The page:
One Vision Worth Working Toward
One Vision Worth Working Toward" The Technology Source, September 1997. Available online at http://ts.mivu.org/default.asp?show=article&id=1034. The article is reprinted here with permission of the publisher.
With respect to educational uses of information technology, most institutions are already past the point of no return--but don't know where they're going. Information technology is being adopted before the institution develops a clear Vision of how to improve teaching and learning with technology. The increasing investments of institutional resources and individual time in academic uses of technology demand more coherence and direction.
Every college or university (or school) needs a Vision to focus the hopes and work of its members; a picture of a preferred future that might be realized if enough people believe in it and work to achieve it. A "Vision Worth Working Toward" is more than a prediction, wish, or nightmare. A prediction is a description of the future likely to occur independent of anyone's preference or labor. A wish is a piece of the future someone hopes will happen without any special effort. A nightmare is just a glimpse of a future to be feared and avoided. Those three components do not comprise a visionnot separately and not even in combination. The vision we are referring to is an overall, goal oriented plan, ensuring that each individual, department, college or university cab have its own (feasible and desirable) "Vision Worth Working Toward" to focus efforts and guide decisions.
In addition to raising issues and consciousness of them, I hope our work will result in a set of modules. These modules should enable an institution or individual to select, assemble, and adapt a combination that becomes its own unique and useful Vision Worth Working Toward.
I'm now working on "Lifelong Teaching & Lifelong Learning" as my own basic Vision Worth Working Toward. I'm trying to fit elements of some other Visions within it. This Vision is based on some fundamental tenets:
There is a growing need for people to continue learning throughout their lifetimes -- both for employment and direct improvement of the quality of life; - Truly "lifelong" learning will require more educational resources, including teaching, than our society is currently committing to education; - Most people have a deep urge to teach (when "teaching" is most broadly defined); - Many people can learn best by teaching; and - Information technology can help achieve both Lifelong Teaching and Lifelong Learning.
For a more detailed earlier exploration of "Lifelong Teaching and Lifelong Learning," see AAHESGIT posting #150 6/19/97 or http://www.wilpaterson.edu/aahe/si97/.
Three other important Vision themes to be pursued within "Lifelong Teaching and Lifelong Learning":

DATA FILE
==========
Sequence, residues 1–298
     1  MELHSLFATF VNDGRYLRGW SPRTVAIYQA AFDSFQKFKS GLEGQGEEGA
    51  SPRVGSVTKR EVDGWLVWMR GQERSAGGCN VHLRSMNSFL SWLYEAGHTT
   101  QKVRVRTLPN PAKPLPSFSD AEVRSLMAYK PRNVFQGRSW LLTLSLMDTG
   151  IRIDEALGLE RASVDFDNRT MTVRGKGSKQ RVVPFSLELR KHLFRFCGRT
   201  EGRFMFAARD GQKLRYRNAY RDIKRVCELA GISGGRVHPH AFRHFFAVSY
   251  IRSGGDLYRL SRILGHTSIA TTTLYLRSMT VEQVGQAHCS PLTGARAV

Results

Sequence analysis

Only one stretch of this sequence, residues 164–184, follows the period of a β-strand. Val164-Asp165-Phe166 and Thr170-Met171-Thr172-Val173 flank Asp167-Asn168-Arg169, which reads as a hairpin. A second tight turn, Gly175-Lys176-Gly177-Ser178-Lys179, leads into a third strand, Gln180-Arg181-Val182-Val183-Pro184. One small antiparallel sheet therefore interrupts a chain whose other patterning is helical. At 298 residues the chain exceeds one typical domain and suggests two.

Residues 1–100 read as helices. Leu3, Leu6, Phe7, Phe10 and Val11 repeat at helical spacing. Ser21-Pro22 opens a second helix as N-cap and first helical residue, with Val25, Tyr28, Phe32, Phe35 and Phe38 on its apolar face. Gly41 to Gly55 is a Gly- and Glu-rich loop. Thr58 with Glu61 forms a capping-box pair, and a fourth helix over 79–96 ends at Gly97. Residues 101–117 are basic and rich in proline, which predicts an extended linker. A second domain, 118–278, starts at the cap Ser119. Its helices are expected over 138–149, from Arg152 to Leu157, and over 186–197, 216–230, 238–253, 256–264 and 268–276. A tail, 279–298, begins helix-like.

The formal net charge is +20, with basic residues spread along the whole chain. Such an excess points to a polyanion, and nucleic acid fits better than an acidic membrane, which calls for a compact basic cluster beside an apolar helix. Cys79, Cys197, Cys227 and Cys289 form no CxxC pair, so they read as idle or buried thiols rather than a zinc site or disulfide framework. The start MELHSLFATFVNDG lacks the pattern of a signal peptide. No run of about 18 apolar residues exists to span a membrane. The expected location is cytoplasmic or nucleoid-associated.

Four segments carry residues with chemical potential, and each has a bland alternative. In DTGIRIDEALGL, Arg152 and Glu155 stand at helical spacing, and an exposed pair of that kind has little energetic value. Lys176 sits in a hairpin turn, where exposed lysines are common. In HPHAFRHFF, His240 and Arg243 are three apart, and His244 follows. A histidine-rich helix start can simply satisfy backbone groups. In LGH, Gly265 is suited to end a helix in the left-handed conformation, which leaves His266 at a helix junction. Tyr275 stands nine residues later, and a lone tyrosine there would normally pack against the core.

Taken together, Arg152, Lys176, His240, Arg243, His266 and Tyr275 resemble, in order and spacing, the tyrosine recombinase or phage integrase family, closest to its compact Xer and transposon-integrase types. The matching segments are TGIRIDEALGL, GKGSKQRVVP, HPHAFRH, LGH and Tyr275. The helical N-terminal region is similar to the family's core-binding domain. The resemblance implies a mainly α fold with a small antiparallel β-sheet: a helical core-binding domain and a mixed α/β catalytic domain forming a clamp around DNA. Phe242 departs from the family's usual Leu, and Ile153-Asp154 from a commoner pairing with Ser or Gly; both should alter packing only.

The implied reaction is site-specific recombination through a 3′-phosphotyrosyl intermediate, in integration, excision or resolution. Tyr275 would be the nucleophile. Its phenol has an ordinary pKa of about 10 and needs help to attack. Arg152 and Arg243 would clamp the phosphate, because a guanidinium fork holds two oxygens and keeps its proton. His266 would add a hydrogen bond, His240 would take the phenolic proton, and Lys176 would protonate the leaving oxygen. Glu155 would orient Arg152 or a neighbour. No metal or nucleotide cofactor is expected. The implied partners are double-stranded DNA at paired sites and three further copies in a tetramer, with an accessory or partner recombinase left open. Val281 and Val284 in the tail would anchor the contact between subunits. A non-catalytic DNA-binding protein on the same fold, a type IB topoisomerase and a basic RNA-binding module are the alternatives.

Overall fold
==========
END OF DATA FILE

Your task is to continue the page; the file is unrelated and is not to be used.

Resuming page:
- Universal Participation in Education Technology can and must be used to make top quality education available to people independent of wealth, race, gender, nationality, or disability.
- Organizing for Teaching and Learning Faculty and students must be enabled to select from and effectively use the fullest possible range of media, teaching/learning approaches, instructional materials, etc. even including but not restricted to the use of conventional campuses and options for assembling people together in the same place at the same time. [If education is not "campus-centered," what defines an educational institution? Probably those who devote their efforts "full-time" to teaching/learning--the faculty!]
- Supporting the Human Spirit in Education: Although education can and must enable people to get jobs and build careers, it can and must also contribute directly to improving the quality of life. Technology can and must support education that enables people to engage more directly and effectively with the arts and with their own bodies. Education can and must help people connect with other people, with ideas, with the human spirit, and with love.
What are the implications of this Vision? What are some steps toward achieving it? How can information technology be used to advance it? In what ways could information technology prevent the achievement of this Vision?
What can you do individually? What can your institution do?
Parting Gift: Quote from Pagels
The collaborative efforts you support within the TLTR Program often focus on taking more thoughtful control of your own work and your institutions' educational strategies. It is also important for you to know when and how to let go. As I prepare to leave AAHESGIT for a few weeks, I can't think of a better ending than the quotation that follows. I recommend you read the full article "Far Apart, 2 Particles Respond Faster Than Light" by Malcolm W. Browne on pages B7 & B11, 7/22/97 in the New York Times. Browne concludes with these paragraphs:
"The late Rockefeller University physicist Heinz Pagels, like many other theorists, believed that quantum physics is a kind of code that interconnects everything in the universe, including the physical basis of life itself. In his book 'The Cosmic Code,' Dr. Pagels, an ardent mountain climber, wrote: 'I often dream about falling. Such dreams are commonplace to the ambitious or those who climb mountains. Lately I dreamed I was clutching at the face of a rock, but it would not hold. Gravel gave way. I grasped for a shrub, but it pulled loose, and in cold terror I fell into the abyss. Suddenly I realized that my fall was relative; there was no bottom and no end. A feeling of pleasure overcame me. I realized that what I embody, the principle of life, cannot be destroyed. It is written into the cosmic code, the order of the universe. As I continued to fall in the dark void, embraced by the vault of the heavens, I sang to the beauty of the stars and made my peace with the darkness."brain teaser gamesbest pc gamesdownloadable pc gamesword gamespc gameshidden object gamespc game downloadssimulation gamesbrick busterdownloadable games